Alex presented a poster ("The road ahead is 'remote': Core operations, remote dependencies in binding, control"), and after the conference had the chance to check out Athens - the Parthenon, Acropolis, Plaka district, Lycabettus hill, etc. - amidst some great weather!

(Post courtesy of Alex Motut.) Print Page

03 June 2015

Congratulations, Yves and Diane!

Congratulations to Yves Roberge (faculty), who is the 2015 recipient of the National Achievement Award from the Canadian Linguistic Association!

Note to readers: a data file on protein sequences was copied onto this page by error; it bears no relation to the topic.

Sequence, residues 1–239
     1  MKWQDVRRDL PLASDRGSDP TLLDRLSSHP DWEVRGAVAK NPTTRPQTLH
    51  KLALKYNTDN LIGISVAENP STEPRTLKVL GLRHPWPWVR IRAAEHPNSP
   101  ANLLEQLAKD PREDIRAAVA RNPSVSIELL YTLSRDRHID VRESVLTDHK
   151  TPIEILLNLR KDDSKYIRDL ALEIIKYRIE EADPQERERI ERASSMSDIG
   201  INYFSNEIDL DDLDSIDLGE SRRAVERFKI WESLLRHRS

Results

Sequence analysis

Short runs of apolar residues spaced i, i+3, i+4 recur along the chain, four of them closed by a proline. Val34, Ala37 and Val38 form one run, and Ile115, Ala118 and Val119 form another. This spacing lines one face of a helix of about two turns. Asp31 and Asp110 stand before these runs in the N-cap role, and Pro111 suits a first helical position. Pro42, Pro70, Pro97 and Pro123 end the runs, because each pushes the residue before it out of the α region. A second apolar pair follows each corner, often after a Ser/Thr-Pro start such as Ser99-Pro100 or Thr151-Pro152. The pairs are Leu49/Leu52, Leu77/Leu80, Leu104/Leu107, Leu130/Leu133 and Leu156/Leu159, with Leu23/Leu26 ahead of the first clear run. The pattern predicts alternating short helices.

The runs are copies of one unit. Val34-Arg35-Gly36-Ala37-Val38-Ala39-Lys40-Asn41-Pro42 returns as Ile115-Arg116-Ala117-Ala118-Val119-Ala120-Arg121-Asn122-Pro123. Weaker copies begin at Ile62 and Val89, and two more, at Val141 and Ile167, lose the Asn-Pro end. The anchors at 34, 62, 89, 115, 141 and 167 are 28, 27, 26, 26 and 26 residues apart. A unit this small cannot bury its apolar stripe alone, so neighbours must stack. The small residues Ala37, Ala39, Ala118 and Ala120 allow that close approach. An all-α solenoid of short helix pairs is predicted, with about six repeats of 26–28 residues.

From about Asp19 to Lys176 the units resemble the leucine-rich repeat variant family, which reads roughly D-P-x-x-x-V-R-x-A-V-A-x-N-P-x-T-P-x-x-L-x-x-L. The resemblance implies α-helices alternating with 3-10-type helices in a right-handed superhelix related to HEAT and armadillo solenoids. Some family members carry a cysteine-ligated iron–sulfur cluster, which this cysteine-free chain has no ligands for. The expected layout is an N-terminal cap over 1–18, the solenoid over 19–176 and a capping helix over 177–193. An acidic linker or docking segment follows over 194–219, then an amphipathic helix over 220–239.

Additionally, congratulations to Diane Massam (faculty) on being appointed Vice-President of the CLA. She will serve in this position for two years, then become President of the CLA for another two years. Print Page

02 June 2015

Congratulations, Bronwyn!

Congratulations to postdoctoral fellow Bronwyn Bjorkman, who has accepted a tenure-stream position in morphosyntax at Queen's University! Bronwyn will join the Department of Languages, Literatures and Cultures there. She has been with our department for the past three years, first as a SSHRC postdoctoral fellow and then as a Banting postdoctoral fellow; throughout, she has been a vibrant presence in our department and will be widely missed. Congratulations, Bronwyn! Print Page